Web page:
>>READ MORE: Carson Wentz looks like a go for season opener
4. Rookie cornerback Avonte Maddox stood out during 4-on-4 drills. Working from the slot, he broke up passes to receiver Kamar Aiken and Nelson Agholor and got over in time to "stop" tight end Joshua Perkins after dropping into a soft zone. Wentz heaved a deep ball to Agholor, who had gotten behind corner Stephen Roberts, but the pass fluttered and fell incomplete. Agholor got behind another defender a few plays later and quarterback Nate Sudfeld hit him in stride. One-one-one drills, which typically benefit the receiver, brought out the best in some of the Eagles' defensive backs. Cornerback Ronald Darby was glued to receiver Markus Wheaton and knocked a pass away. Jalen Mills hounded receiver Mack Hollins and disrupted his route. Sidney Jones was flagged earlier for holding, but he shut down Agholor on a back-shoulder toss. Malcolm Jenkins had the unenviable task of covering diminutive receiver Tim Wilson out of the slot. There aren't many safeties that can handle a two-way go without help. Jenkins tried his best to keep up with the Wilson, but he was flagged for holding. He waved his hand at the official, picked up to flag and tossed it into the air. The referee jokingly tossed the flag again for an unsportsmanlike penalty. Cornerback Rasul Douglas was the cornerback victimized by Wallace on his deep connection with Wentz. While long speed isn't a strength, there aren't many corners that can keep up with Wallace step for step.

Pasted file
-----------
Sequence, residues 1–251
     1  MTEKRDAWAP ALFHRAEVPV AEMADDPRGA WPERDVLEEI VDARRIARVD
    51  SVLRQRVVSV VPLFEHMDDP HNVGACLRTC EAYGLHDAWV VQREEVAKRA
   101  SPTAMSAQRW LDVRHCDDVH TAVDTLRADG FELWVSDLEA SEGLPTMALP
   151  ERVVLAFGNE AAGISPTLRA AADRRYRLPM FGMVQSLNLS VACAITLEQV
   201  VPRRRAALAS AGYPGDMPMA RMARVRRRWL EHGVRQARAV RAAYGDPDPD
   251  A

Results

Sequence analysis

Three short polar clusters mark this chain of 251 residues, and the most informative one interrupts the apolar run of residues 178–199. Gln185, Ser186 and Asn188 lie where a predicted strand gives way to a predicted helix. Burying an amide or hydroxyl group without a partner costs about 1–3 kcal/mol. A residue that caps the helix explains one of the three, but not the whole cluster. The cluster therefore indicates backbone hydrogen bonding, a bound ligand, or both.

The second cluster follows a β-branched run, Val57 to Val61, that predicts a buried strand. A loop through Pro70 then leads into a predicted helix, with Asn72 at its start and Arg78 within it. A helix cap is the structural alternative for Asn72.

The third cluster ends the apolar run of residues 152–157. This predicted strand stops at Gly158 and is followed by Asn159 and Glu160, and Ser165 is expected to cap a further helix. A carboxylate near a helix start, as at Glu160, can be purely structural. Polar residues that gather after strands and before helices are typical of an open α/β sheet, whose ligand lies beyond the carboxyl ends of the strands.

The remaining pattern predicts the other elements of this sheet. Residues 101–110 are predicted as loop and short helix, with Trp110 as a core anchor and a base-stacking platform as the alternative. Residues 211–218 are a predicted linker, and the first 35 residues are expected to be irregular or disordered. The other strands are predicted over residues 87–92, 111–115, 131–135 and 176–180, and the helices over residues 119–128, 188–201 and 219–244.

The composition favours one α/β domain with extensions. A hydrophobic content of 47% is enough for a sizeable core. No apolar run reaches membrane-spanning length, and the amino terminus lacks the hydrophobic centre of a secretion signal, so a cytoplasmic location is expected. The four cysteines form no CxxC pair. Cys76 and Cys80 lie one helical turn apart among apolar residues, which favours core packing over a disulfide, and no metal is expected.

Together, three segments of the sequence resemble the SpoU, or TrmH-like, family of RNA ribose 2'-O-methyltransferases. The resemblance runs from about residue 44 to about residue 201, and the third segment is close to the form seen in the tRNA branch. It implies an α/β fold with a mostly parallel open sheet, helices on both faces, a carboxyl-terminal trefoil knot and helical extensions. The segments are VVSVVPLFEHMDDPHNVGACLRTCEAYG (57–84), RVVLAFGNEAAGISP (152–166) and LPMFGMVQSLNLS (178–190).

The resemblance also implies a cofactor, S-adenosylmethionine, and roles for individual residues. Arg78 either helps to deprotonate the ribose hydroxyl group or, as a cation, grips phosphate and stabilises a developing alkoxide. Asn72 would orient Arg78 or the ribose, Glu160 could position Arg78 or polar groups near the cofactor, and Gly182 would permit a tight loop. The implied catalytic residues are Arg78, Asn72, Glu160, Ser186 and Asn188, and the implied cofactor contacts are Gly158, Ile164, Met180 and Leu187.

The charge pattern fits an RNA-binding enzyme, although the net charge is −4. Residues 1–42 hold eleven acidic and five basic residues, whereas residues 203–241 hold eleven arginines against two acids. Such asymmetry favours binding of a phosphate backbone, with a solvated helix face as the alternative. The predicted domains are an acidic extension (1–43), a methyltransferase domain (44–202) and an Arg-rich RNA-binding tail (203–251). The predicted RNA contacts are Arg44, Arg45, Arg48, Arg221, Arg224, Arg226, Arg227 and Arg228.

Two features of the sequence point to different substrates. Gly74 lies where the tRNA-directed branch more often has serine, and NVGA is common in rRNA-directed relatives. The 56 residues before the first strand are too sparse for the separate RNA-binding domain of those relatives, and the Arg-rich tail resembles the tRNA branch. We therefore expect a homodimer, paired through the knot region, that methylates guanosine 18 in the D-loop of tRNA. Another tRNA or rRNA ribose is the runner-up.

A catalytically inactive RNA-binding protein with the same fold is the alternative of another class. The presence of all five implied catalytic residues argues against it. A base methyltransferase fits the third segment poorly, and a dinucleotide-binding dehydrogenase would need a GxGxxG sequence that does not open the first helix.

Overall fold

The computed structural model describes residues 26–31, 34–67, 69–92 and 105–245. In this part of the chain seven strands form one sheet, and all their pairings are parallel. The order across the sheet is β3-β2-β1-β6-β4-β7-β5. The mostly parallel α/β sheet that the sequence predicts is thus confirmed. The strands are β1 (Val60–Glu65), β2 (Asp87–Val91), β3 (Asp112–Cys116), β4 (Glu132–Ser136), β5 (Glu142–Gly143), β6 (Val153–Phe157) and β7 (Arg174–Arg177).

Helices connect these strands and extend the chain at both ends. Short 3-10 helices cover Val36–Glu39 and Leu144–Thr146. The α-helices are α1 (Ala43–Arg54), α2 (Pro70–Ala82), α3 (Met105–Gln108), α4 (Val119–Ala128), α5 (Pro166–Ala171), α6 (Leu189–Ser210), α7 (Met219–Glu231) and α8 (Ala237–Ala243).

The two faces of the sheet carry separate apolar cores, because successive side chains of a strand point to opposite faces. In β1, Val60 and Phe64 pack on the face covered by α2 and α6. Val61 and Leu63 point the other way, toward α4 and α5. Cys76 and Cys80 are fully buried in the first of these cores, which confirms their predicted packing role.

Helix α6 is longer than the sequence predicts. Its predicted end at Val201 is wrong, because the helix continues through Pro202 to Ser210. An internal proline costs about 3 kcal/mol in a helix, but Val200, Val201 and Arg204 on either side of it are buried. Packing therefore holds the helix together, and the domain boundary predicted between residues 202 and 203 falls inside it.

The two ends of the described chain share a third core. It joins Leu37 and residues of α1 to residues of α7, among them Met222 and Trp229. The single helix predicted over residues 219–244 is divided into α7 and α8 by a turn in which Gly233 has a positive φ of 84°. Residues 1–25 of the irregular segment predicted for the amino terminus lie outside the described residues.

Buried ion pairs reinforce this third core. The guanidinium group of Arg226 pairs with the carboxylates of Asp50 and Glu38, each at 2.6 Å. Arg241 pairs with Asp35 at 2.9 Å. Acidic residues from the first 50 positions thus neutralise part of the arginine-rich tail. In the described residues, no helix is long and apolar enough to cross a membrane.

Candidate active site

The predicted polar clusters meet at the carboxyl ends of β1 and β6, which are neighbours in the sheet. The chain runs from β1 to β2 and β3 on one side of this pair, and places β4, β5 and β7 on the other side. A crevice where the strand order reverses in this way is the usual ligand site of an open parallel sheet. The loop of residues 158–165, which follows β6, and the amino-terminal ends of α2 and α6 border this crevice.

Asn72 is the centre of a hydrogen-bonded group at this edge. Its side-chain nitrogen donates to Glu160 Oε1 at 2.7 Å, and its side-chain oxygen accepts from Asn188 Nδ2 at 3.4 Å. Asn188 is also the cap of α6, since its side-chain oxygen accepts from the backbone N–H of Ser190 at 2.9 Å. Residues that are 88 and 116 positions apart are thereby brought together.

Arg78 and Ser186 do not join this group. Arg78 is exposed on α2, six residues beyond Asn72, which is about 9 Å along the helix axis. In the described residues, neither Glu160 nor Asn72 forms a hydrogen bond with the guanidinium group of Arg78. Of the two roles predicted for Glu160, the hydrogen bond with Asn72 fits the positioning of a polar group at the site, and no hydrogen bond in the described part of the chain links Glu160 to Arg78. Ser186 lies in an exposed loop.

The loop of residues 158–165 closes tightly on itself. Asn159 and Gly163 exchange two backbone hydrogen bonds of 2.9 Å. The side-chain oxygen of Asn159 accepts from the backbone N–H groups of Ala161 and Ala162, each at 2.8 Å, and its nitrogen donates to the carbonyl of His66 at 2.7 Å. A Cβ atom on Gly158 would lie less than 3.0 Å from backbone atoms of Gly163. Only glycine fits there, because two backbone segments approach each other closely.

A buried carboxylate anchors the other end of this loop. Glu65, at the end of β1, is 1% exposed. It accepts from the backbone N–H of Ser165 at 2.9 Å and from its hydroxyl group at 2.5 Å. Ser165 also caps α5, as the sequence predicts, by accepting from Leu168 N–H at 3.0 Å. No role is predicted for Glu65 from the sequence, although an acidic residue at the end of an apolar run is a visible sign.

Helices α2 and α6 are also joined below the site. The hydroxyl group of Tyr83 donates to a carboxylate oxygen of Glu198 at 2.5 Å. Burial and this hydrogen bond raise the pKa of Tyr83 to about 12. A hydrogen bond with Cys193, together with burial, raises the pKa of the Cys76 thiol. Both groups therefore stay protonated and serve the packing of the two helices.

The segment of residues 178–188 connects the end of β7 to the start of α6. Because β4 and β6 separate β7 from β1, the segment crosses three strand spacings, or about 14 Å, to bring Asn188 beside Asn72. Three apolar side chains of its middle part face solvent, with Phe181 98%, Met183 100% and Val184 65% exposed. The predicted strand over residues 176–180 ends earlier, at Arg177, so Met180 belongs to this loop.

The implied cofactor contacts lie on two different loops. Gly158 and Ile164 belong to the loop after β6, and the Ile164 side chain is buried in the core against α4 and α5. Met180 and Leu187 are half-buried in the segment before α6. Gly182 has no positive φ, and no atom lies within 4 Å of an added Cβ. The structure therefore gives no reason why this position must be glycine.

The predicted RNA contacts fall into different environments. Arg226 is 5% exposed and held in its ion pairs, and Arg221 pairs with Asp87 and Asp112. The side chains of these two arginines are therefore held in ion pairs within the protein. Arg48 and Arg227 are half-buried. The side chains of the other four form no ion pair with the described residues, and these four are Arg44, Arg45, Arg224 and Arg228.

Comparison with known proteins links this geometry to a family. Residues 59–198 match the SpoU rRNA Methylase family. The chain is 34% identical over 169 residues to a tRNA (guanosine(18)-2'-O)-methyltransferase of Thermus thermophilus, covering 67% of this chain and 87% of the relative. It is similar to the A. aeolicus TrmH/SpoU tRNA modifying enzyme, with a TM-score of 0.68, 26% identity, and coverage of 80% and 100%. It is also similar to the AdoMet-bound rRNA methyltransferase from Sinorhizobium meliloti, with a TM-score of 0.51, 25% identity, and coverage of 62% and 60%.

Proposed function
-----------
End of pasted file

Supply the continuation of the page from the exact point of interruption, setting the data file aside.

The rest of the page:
5. Shelton Gibson has received a fair amount of press since the spring. He's improved over the last year, but there are still far too many catches that aren't cleanly caught. He's sometimes bobbling those passes rather than dropping them, which is an improvement, but he needs to be more consistent. During one on ones, Wentz threw behind Gibson on a curl route, but the quarterback's hand motion afterward – he moved it a circular motion – seemed to indicate that he wanted his receiver to run the route differently. Gibson made a splendid grab, however, when quarterback Nick Foles threw to him deep in the post. The ball was slightly underthrown and it dropped through Darby's arms, but Shelton somehow caught it and bounced up to show everyone. If the Eagles keep only five receivers, the last spot could come down to Gibson or Wheaton. Gibson's increasing contributions on special teams could ultimately give him the edge.
>>READ MORE: Did you know NFL kickoff rules are changing?